Being single doesn’t mean you can’t have a happy-ever-after · By Aisha Al-Janabi

Whilst I’m only 22 years old, it sometimes feels like I’m too old to have never been in a relationship. Some of the first stories we’re told are fairy tales with knights-in-shining-armour and true loves’ kisses, so it’s inevitable we’ll grow up fantasizing about our own love stories. Perhaps this subconsciously teaches us there is something inherently wrong with being single to the point where we don’t consider it as a choice we can make.
Over the years I’ve seen friends go in and out of different relationships, bringing their partners as plus-ones to Christmas dinners whilst I still turn up empty handed and being the single friend for another year. I can’t help but think if there were more stories and films which ended in singleness, where romance wasn’t a central part of the plot, I wouldn’t be so self-conscious about still being single. I’m tired of seeing films where being single is considered a problem that needs to be fixed, where single characters must be set up on blind dates or persuaded to make an online dating profile – it gives the impression that being single is some sort of failure.
I do love a cheesy rom com, but it is important to recognise the abundance of films about romantic relationships, and the lack of stories about other vital relationships. I grew up with Cinderella, then High School Musical, and later Notting Hill and 27 Dresses forming a constant stream of “boy-meets-girl” story lines from childhood to adulthood. This message of relationships and heterosexuality is not just restricted to rom coms, the failure of many films to pass the Bechdel Test highlights how common romance is in films. For films to pass the Bechdel Test they must have at least two women, who talk to each other, about something other than a man. The Lord of the Rings Trilogy, Ratatouille, The Social Network, The Grand Budapest Hotel among so many others are not rom coms and yet, don’t pass the Bechdel Test. This ongoing gender imbalance within the film industry repeats the narrative that we should want to be in a relationship, especially if we identify as a woman.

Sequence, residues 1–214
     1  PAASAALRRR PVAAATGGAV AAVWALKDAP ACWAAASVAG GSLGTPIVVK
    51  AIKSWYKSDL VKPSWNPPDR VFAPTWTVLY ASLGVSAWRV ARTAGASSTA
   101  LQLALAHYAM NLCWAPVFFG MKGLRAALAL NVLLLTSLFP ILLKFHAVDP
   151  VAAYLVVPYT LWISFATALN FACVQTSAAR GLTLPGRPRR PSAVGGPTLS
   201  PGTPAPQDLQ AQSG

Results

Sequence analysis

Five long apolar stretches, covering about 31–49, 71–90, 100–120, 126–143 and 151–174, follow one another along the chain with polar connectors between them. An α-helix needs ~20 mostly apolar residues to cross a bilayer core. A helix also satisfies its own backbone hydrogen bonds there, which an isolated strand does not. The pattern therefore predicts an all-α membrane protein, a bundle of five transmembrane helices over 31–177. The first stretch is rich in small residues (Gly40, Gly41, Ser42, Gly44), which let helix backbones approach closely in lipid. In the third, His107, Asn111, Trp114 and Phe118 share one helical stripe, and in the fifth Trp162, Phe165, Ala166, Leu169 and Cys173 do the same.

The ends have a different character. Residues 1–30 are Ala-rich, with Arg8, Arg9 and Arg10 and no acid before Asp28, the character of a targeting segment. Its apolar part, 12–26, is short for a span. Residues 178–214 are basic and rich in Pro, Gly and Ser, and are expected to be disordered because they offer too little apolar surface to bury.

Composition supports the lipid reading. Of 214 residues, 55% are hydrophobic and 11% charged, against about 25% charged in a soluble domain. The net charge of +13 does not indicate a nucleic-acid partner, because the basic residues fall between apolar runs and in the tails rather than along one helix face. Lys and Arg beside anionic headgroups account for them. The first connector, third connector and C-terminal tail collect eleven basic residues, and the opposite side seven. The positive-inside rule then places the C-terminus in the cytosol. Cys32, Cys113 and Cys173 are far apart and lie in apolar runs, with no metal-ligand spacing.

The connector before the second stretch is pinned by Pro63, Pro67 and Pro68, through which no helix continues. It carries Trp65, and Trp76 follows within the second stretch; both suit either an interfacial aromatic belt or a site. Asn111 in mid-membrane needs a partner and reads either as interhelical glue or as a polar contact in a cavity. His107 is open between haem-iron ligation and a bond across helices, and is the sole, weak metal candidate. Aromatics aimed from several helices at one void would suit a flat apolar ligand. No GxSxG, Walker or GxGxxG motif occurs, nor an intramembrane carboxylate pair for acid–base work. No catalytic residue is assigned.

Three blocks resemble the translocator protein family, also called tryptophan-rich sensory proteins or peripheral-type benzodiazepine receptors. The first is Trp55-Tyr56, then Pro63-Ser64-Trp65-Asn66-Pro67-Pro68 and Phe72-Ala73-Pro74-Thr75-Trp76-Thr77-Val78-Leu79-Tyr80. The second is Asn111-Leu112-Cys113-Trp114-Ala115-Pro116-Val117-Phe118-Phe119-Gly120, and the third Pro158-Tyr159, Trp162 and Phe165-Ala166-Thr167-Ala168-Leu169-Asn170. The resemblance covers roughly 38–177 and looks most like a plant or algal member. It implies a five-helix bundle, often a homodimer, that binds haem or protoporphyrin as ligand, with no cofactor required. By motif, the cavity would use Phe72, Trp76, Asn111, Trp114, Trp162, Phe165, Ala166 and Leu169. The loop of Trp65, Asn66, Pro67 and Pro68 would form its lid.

Honestly, I have whinged asking “why does no one love me?” and I’ve been on dating app dates. But in hindsight there have been times where I wanted to be in a relationship just for the story, so I can finally stop being that single friend, and to prove I can casually date or be in a committed relationship – but why do I need to prove that? There is an apparent hierarchy of relationships, with friendships being below relationships, like we can only be emotionally intimate with someone who we’ve given a label to as our girlfriend/boyfriend/partner or someone we’ve had sex with. I’d argue having a good support network of platonic relationships is just as valuable, if not more so, so I have no regrets about my lack of Tinder or Bumble dates in favour of spending time with my friends, or just enjoying my own company.
 
I’ve never understood what it means when people say someone’s ‘standards are too high.’ Why would I want to date someone who’ll just end up being a pain in the arse – just so I’m not alone? Regardless of what we’re taught in films, being in a committed relationship and being happy are not mutually exclusive. And being single throughout my teenage years has given me the space to master masturbation and find out what I like. I’m often reminded by friends that being in a relationship doesn’t inherently mean you have good sex, like it doesn’t equate to happiness. Regardless of your relationship status, it’s important to unlearn yet another lesson from society and to experiment with masturbating, especially for people with vulvas, it’s time to reclaim our own sexual pleasure and have fun with it.
So maybe I’ll be single for longer than a princess, and maybe I’ll never bring a plus one to Christmas, but that should not be embarrassing. At least for now I am prioritising platonic relationships because being single does not mean you’re lonely and is not something to be fixed, and I am choosing to be single – even if I do continue to make jokes or complain about it.

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